Alaska's Natural Gas Potential

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Presentation given at the 2012 Alaska LNG Summit by Mark Myers, Vice Chancellor Research University of Alaska Fairbanks & former Director of U.S. Geological Survey.• US market transformation: Low gas prices and declining import needs of Lower 48.
• Valdez LNG economics and global gas demand forecasts
• Post-Fukushima: Asia in need of an energy alternative and the Alaskan LNG answer – how does Valdez LNG compare to Japan’s gas supply alternatives?
• Growing interest in LNG exports from the USA: market opportunities
• A spotlight on Alaska’s vast energy resources – tapping into a giant

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  • It is in the potential for undiscovered resources that the gasline is so important for Alaska and the future of the North American gas supply. This slide offers some comparisons of Alaska’s North Slope and the mature gas province of Wyoming. Alaska is one of the United State’s sleeping giants. While Wyoming has seen almost 20,000 exploration wells with almost 250 wells drilled per 1,000 square miles. The North Slope has barely been explored. We seen only 500 wells that might be generously described as exploration with just 3 wells per 1,000 square miles. The next slide shows why this perspective is so important.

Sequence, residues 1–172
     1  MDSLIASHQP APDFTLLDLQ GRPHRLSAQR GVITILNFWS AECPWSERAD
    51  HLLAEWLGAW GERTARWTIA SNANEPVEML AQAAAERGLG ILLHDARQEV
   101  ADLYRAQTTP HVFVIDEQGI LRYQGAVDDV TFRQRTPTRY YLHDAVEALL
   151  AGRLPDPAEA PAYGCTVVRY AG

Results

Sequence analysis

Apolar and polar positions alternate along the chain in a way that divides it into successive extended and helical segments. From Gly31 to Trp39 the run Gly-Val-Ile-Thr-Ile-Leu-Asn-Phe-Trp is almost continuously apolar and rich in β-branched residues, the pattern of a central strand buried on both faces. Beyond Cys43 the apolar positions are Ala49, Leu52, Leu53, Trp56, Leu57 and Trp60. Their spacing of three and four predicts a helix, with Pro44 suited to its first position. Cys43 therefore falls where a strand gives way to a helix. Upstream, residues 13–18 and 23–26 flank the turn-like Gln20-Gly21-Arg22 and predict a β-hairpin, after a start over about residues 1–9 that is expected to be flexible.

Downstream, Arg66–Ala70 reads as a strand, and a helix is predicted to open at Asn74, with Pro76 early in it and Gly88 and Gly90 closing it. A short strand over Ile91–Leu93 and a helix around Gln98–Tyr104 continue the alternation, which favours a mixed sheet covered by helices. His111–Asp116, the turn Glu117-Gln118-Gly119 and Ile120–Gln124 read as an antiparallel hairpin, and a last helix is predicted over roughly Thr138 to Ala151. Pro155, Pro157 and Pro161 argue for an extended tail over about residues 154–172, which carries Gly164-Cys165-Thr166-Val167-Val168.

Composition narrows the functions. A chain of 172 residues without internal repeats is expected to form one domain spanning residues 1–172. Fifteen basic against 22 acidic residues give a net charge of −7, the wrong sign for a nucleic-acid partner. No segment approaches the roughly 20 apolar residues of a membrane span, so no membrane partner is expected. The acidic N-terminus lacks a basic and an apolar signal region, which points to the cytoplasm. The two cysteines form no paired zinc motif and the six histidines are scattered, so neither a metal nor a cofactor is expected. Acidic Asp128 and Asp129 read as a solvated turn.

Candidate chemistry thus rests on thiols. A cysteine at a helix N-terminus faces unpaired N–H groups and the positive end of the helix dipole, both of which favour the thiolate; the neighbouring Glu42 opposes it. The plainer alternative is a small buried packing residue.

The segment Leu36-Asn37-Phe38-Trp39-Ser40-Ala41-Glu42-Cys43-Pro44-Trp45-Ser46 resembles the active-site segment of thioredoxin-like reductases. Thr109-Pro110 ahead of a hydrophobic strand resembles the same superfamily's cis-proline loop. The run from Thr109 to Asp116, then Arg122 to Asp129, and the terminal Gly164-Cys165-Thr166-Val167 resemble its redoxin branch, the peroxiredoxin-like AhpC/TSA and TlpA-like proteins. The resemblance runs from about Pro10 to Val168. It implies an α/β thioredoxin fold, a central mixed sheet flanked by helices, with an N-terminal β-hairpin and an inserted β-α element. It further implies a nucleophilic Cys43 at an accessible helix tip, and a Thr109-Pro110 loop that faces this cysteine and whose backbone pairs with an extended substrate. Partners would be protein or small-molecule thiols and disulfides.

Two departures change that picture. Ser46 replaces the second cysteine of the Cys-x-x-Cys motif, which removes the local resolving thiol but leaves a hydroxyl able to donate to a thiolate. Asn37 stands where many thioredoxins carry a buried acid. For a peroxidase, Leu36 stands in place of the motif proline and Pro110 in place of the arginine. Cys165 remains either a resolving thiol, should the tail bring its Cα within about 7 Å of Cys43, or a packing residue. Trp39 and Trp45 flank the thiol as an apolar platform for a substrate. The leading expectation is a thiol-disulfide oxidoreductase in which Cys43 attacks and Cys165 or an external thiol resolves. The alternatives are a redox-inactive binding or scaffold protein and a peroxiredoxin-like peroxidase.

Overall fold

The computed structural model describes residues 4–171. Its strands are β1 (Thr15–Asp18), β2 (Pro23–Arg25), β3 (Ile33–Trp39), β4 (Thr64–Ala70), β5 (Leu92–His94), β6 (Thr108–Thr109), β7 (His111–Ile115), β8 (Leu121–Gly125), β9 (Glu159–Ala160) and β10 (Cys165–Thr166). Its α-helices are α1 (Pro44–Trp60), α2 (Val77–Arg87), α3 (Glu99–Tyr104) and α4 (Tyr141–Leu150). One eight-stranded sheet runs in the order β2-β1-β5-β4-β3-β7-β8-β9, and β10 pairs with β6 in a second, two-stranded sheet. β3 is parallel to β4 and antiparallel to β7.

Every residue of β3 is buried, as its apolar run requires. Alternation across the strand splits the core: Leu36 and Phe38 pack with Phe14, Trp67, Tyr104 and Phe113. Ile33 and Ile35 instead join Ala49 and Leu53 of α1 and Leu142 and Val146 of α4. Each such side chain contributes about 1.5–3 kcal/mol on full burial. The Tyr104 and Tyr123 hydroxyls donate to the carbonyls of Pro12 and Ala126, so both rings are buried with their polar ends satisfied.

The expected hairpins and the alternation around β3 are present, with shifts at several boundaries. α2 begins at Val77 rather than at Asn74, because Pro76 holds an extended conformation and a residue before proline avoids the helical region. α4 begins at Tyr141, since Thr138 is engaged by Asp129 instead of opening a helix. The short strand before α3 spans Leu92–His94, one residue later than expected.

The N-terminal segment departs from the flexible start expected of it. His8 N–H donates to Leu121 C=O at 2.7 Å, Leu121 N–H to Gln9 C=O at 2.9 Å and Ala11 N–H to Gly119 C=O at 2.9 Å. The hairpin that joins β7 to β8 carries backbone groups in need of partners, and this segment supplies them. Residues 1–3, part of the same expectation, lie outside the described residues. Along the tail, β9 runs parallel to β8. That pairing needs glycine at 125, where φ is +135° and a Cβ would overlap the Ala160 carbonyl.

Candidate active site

• Turning to unconventional resource potential: Little is said about these resources because their development is fairly remote and the technology to develop these resources is only now emerging. It is these resources that correspond to the unconventional resources estimates that we recently are hearing about in the trade press. In the far west of the North Slope, exploration of coalbed methane is underway for possible local consumption. In my opinion, the most exciting of these unconventional gas resources are gas hydrates Exciting because the North Slope is one of the few places on the planet where the resource is found in shallow, easy to reach depths. The resource is huge!
  • Basin centered gas and timeline
  • Joint Effort NETL, USGS, BP, ARSC, UAF U of Arizona and others
  • Alaska's Natural Gas Potential

    1. 1. UNIVERSITY OF ALASKA FAIRBANKS 1
    2. 2. Alaska’s Natural Gas PotentialAlaska LNG SummitMark Myers, PhDVice Chancellor for ResearchUniversity of Alaska Fairbanks13 September 2012 UNIVERSITY OF ALASKA FAIRBANKS 2